MS/MS fragment ion coverage was also studied as a function of charge state and oligonucleotide length (Fig. 4C). The HCD energy is held constant at the recommended condition of stepped HCD collision energies: 17, 21, 25. For all oligonucleotide lengths, the lowest charge states generally produced the lowest fragment ion coverage, and the highest charge states generally produced the highest fragment ion coverage. Fragment ions from a lower charge state precursor may enable additional sequence coverage at a specific position in some cases for two main reasons: (1) the higher charge state has a significantly lower abundance than a lower charge state and/or (2) higher-charged fragment ions overlap with lower-charged fragment ions, confounding the identity of both.
We observed that increasing oligonucleotide charge density had a positive effect on sequencing-enabling fragmentation. For example, the [M-4H]-4 charge state of the 7-mer (1.75 nucleotides/charge) produces abundant fragment ions and full fragment ion coverage (Fig. 4C). However, the [M-4H]-4 charge state of the 21-mer (5.25 nucleotides/charge) produces relatively weak fragment ions, only allowing sequencing of the first few nucleotides on each terminus. This phenomenon is most pronounced as oligonucleotide length increases. MS/MS sequencing of oligonucleotides with charge densities < ~ 2.5 combined with stepped HCD 17, 21, 25 provided suitable fragmentation across the oligonucleotide map. Fortunately, IP RP-UHPLC-ESI MS conditions generate progressively higher charge states with later eluting larger oligonucleotides; this maintains ideal charge density for MS/MS sequencing. Typically, little value was added by MS/MS sequencing two different charge states of the same oligonucleotide.
Resolving sequence isomers by MS/MS
Optimal HCD fragmentation enabled successful differentiation of nearly all sequence isomers in the oligonucleotide map. Figure 5 demonstrates this with a challenging but common scenario. Three sequence isomers are pictured in an extracted ion chromatogram (Fig. 5A). Isomer “2” eluting at 75 min coelutes with other oligonucleotides of highly similar mass (Fig. 4C), which increases the risk of isolating two unrelated oligonucleotides to produce a mixed MS/MS spectrum. The oligonucleotide map employs an MS/MS isolation window (1.5 m/z) which balances the need to minimize incidences of mixed spectra (Fig. 5B and C) and sample the isotopic distribution to enable fragment ion charge state determination. Sequence isomers “1” and “2” are highly similar, differing only by a single exchange of the 3rd and 6th nucleotides (Fig. 5C). Therefore, their MS/MS spectra are highly similar, but a few key fragment ions distinguish each sequence isomer.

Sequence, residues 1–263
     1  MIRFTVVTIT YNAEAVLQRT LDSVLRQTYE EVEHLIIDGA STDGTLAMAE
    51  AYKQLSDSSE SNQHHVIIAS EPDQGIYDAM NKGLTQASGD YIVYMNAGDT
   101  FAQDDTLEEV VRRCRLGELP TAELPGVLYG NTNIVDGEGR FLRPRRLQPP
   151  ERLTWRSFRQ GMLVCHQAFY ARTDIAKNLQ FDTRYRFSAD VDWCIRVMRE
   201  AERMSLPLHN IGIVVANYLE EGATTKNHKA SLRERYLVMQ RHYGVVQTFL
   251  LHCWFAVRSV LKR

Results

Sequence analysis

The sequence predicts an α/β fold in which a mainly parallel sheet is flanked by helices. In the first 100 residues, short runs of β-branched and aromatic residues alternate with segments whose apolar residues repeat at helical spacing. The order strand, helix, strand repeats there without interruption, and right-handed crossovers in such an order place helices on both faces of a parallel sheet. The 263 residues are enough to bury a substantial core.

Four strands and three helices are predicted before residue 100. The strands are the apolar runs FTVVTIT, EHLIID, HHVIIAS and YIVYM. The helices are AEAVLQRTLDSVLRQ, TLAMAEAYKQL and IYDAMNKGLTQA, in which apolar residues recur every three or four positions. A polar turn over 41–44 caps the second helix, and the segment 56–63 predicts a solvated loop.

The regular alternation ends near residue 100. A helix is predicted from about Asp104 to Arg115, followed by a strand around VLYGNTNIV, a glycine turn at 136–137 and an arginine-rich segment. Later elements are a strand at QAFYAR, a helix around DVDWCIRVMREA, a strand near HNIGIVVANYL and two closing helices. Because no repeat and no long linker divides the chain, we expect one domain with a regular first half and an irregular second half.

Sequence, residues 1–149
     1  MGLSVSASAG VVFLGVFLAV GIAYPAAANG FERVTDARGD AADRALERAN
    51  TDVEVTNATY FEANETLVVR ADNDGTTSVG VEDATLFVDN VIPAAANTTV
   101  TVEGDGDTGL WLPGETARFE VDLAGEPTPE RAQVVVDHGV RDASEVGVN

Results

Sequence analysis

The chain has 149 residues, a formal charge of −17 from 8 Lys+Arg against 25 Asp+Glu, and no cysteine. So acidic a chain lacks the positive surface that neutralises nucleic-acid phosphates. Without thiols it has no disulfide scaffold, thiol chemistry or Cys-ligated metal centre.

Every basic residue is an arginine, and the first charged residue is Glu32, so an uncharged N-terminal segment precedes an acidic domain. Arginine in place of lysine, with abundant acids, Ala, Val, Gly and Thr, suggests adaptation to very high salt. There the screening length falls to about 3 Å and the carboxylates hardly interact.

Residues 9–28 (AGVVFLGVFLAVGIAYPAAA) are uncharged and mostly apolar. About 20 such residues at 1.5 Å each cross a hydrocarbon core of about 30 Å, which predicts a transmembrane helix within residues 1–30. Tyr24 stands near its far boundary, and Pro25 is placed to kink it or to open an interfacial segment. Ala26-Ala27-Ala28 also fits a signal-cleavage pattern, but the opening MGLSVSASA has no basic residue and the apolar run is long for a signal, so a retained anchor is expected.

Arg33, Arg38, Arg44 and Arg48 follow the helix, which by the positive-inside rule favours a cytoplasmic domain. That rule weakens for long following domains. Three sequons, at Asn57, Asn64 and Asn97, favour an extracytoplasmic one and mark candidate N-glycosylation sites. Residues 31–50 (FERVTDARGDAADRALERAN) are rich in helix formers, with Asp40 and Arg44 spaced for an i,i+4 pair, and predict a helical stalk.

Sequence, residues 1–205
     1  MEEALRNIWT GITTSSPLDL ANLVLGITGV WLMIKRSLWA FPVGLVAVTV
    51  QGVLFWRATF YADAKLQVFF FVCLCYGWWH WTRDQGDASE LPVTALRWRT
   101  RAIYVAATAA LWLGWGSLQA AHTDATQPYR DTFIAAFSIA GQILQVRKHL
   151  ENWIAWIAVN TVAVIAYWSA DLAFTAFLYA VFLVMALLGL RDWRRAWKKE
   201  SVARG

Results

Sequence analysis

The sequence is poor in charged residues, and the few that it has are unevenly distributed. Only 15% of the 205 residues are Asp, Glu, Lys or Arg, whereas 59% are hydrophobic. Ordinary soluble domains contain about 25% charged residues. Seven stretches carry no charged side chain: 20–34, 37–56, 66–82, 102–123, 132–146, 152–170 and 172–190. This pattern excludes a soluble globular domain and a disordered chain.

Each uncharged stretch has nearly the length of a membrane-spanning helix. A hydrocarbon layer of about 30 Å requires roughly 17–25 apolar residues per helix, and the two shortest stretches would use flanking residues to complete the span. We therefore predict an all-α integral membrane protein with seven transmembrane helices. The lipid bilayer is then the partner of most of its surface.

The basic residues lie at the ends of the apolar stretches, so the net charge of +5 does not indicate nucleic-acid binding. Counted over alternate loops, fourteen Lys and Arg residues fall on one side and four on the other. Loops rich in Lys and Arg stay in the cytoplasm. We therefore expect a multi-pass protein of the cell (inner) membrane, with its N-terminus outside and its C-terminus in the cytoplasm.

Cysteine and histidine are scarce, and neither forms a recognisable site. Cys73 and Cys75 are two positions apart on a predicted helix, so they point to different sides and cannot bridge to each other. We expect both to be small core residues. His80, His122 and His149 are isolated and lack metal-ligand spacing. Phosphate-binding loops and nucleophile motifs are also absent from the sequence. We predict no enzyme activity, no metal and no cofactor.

Reading from the 5′ end (Fig. 5D and E), terminal fragment ions ending at positions 1 and 2 have identical masses for each sequence isomer. Terminal fragment ions ending at positions 3–5 have unique, divergent masses in each sequence isomer, indicating a difference in sequence at position 3. Terminal fragment ions ending at position 6 converge in mass, indicating another difference in sequence between sequence isomers at position 6.
Reading from the 3′ end (Fig. 5D and E), terminal fragment ions at position 1 have identical masses for each sequence isomer. Terminal fragment ions ending at positions 2–4 have unique masses for each sequence isomer, indicating a difference in sequence at position 2. Terminal fragment ions ending at position 5 converge in mass, indicating another difference between sequence isomers in sequence at position 5.
In both cases, detecting sequence differences are predicated on having a complete fragment ion ladder. MS/MS fragmentation by oligonucleotide mapping produced complete complementary fragment ion ladders for most sequence isomers, enabling their unambiguous identification and testifying to the suitability of the parameters for oligonucleotide mapping.
Comprehensive, automated, high-fidelity data analysis
Comprehensive, high-fidelity analysis of oligonucleotide mapping data requires automation for practical ease-of-use and efficiency. In-house Excel Visual Basic for Applications (VBA) scripts combined with in-development beta and commercial vendor software, were used to automate data analysis of oligonucleotide mapping. Together, these tools facilitated comprehensive primary structure characterization of BNT162b2 Original via oligonucleotide mapping with complete UV peak annotation and 100% maximum sequence coverage.